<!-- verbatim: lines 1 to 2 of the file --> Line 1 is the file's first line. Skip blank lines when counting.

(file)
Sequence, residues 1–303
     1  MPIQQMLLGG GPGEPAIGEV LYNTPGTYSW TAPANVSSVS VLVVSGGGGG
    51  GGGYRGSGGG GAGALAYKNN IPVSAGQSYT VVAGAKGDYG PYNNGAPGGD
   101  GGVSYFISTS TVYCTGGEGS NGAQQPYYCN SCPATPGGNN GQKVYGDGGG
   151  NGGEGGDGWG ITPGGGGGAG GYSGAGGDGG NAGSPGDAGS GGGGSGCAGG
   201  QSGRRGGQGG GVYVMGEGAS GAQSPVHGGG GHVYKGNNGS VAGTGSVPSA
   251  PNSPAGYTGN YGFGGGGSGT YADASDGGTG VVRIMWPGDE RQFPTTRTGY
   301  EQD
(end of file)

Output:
Sequence, residues 1–303
     1  MPIQQMLLGG GPGEPAIGEV LYNTPGTYSW TAPANVSSVS VLVVSGGGGG